Pope 'deeply saddened’ for Japan’s flood victims

Cardinal Parolin signs message full of encouragement and blessing for relief efforts. Meanwhile, rescuers are carrying out a house-to-house search for survivors, with dwindling hope. The death toll rises to 156 but is expected to get worse. Thousands are in shelters. Authorities warn against the effects of 35-degree heat on construction workers.

Vatican City (AsiaNews) – Pope Francis has expressed his deep sadness over the fate of flood victims in Japan and voiced his closeness and solidarity for all those affected in a telegram signed by the Cardinal Pietro Parolin Secretary of State.

"Deeply saddened to learn of the loss of life and of the injury caused by the serious floods following the heavy rains in Japan, His Holiness Pope Francis expresses heartfelt solidarity with all those affected by this tragedy,” said the message.

“His Holiness prays especially for the repose of the deceased, the healing of those injured and the consolation of all those who grieve. The Holy Father likewise offers encouragement to the civil authorities and all those involved in the search and rescue efforts as they assist the victims of this disaster. Upon all he willingly invokes abundant blessings.”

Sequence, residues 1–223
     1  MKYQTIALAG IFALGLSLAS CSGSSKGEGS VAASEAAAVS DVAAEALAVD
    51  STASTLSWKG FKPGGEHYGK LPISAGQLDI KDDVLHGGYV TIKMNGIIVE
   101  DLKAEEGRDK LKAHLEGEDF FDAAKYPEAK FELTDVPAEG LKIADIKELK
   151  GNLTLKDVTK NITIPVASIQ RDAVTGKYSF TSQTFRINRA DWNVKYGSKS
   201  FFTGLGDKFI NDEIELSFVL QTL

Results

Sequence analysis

Meanwhile, rescuers are carrying out house-to-house searches in the increasingly unlikely hope of finding survivors.

"It's what we call a grid operation, where we are checking every single house to see if there are people still trapped inside them," said an official with the local Okayama prefecture government. "We know it's a race against time, we are trying as hard as we can."

The deadly floods and landslides have claimed so far 156 lives in what is Japan's worst weather-related disaster since 1982, a toll bound to rise.

It is feared that the elderly and weaker people may not have escaped before the rains gained strength and, in some cases, dragged wooden houses away.

Thousands of people remain in shelters, and local authorities in some areas were offering drinking water and bathing services for those without their own supply.

Japan’s summer heat is compounding the problem. Chief Cabinet Secretary Yoshihide Suga warned that people working in construction could suffer as temperatures are expected reach 35 Celsius in some areas.

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